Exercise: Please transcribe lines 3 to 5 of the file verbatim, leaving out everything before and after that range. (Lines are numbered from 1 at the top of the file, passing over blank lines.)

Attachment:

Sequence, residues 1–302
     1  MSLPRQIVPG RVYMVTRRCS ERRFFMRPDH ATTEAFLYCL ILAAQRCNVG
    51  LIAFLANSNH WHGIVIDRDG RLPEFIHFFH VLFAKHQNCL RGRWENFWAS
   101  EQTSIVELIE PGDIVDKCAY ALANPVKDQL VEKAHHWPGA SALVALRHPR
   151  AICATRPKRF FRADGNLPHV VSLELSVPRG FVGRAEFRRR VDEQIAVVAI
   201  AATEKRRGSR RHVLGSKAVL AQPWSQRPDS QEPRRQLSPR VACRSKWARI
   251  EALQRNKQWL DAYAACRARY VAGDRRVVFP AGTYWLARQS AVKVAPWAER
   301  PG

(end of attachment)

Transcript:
    51  LIAFLANSNH WHGIVIDRDG RLPEFIHFFH VLFAKHQNCL RGRWENFWAS
   101  EQTSIVELIE PGDIVDKCAY ALANPVKDQL VEKAHHWPGA SALVALRHPR
   151  AICATRPKRF FRADGNLPHV VSLELSVPRG FVGRAEFRRR VDEQIAVVAI